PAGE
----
In the year 2015, the economic growth globally stood at 3.0% while the global oil demand in the same year stood at 1.54 million barrels on a daily basis. OPEC makes up to 81% of the global crude oil reserves which is represented by approximately 1,206 billion oil barrels. Non-OPEC members own the remaining 19% of the crude oil reserves that is represented by 287 billion oil barrels. 66% of OPEC’s oil reserves reside in the Middle East making it a significant player and contributor in OPEC’s total revenue evidenced by the graph on the value of petroleum exports.

How OPEC affects the world economy

As mentioned above, the Organization of the Petroleum Exporting Countries was set up with the aim of reducing the dominance that monopolists had on the oil market in the 1960’s. This was achieved by unifying the oil reserves and oil prices for the member states. As these members own up to 80% of the world oil reserves, the change in the oil prices would therefore affect the price of oil in countries that imported oil from OPEC members. For example, in Venezuela, 95% of their exports are as a result of crude oil.

To respond to fluctuations in the demand for oil, OPEC adjusts the production levels in relation to the global demand for oil. If OPEC aims at increasing the price of oil, they reduce the supply of oil which enables them to increase the oil prices. However, they do not actually reduce much of the supply of oil as this would reduce their revenue margins. They just pledge and speculate that the supply of oil will reduce, which increases the demand of this precious resource. The organization is then able to increase oil prices as people are willing to pay more to acquire oil. OPEC does not directly control the prices of oil.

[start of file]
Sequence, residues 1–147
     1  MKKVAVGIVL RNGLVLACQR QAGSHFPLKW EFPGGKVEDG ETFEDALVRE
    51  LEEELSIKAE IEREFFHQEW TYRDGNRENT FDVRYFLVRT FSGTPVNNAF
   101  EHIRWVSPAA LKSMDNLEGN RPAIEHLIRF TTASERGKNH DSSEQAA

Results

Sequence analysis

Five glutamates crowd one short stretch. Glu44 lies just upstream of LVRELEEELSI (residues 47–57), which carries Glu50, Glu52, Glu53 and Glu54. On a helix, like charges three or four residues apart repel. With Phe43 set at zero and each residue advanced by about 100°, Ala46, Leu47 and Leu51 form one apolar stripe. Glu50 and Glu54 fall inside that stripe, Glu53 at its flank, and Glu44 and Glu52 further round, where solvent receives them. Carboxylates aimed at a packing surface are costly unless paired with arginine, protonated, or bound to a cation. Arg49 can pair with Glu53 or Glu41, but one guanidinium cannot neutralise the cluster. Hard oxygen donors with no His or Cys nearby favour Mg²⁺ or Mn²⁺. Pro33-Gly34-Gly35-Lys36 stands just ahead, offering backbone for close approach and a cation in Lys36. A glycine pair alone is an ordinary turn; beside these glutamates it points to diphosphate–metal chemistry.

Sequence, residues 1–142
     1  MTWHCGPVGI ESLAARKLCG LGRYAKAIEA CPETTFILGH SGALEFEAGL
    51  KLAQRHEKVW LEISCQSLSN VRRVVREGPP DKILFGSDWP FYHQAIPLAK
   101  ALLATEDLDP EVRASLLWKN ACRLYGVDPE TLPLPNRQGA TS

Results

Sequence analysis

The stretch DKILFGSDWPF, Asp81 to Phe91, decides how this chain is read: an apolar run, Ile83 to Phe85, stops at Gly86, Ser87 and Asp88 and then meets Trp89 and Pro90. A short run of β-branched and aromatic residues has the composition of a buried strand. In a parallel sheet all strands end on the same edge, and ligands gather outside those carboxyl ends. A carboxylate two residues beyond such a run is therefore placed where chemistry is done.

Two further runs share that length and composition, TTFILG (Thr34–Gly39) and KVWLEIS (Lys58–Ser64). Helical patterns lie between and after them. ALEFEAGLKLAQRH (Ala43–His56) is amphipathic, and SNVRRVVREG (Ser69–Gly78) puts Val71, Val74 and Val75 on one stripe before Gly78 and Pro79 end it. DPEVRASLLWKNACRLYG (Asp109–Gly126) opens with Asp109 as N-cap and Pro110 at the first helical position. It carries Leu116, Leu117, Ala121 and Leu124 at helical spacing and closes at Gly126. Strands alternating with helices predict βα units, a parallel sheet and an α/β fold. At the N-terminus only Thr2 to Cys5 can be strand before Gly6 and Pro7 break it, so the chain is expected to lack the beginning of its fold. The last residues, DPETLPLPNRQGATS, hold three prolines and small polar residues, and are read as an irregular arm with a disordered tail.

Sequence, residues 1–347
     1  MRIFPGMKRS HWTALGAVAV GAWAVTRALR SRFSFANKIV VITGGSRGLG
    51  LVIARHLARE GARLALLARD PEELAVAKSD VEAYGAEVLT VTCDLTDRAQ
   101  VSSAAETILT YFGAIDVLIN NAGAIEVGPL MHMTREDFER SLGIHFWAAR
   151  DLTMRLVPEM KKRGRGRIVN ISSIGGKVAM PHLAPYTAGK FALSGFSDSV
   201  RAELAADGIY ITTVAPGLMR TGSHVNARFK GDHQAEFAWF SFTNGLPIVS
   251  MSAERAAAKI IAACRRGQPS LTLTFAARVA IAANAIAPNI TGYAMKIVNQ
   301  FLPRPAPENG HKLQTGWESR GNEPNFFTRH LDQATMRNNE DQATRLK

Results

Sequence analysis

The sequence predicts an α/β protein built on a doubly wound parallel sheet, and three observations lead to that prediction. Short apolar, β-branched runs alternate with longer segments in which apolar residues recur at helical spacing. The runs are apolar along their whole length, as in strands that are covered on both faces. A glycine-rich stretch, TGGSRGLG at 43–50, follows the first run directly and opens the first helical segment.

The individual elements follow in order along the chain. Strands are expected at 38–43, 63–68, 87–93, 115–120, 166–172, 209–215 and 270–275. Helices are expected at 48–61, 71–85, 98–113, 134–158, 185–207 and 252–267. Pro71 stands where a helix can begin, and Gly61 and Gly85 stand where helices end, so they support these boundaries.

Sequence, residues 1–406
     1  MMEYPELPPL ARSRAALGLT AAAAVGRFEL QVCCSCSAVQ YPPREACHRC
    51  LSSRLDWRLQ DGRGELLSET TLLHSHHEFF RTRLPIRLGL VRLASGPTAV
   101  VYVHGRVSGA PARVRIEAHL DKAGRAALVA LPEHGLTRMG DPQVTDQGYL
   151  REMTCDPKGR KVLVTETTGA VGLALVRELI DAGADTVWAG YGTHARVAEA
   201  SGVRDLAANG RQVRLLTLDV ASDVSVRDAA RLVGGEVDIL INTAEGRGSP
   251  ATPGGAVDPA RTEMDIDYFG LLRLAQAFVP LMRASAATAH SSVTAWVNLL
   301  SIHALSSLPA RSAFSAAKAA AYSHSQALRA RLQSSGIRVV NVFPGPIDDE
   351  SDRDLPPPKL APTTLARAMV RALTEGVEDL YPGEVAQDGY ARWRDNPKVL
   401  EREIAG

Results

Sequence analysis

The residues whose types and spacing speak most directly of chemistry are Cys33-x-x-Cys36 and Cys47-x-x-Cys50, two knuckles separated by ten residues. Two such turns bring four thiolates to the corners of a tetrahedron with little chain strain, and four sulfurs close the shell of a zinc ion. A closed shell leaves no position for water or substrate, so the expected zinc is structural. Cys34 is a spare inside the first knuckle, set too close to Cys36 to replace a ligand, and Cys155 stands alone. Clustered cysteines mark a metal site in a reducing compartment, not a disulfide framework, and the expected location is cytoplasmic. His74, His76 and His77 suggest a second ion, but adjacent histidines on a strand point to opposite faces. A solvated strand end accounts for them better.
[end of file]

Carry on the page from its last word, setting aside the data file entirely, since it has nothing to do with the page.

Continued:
In a situation where the supply of oil seems to be more than what is being actually demanded, member countries end up pursuing different strategic decisions. On one hand there are the ‘price doves’ which comprise of member states that have stable economies and significant wealth funds that are generated by oil. These member countries are Saudi Arabia, the UAE, Qatar and Kuwait and in such situations they prefer to maintain their production levels, so as to maintain their market share and dominance in this market. This for them however will mean that the oil prices will remain low.

On the other hand, there are the OPEC member states that have poor economies. These are known as the ‘price hawks’ and comprise of Iraq, Iran, Venezuela, Libya, Angola, Algeria, Nigeria and Ecuador. These members prefer to cut on the production of oil so as to boost the prices of oil hence increasing their revenue margins.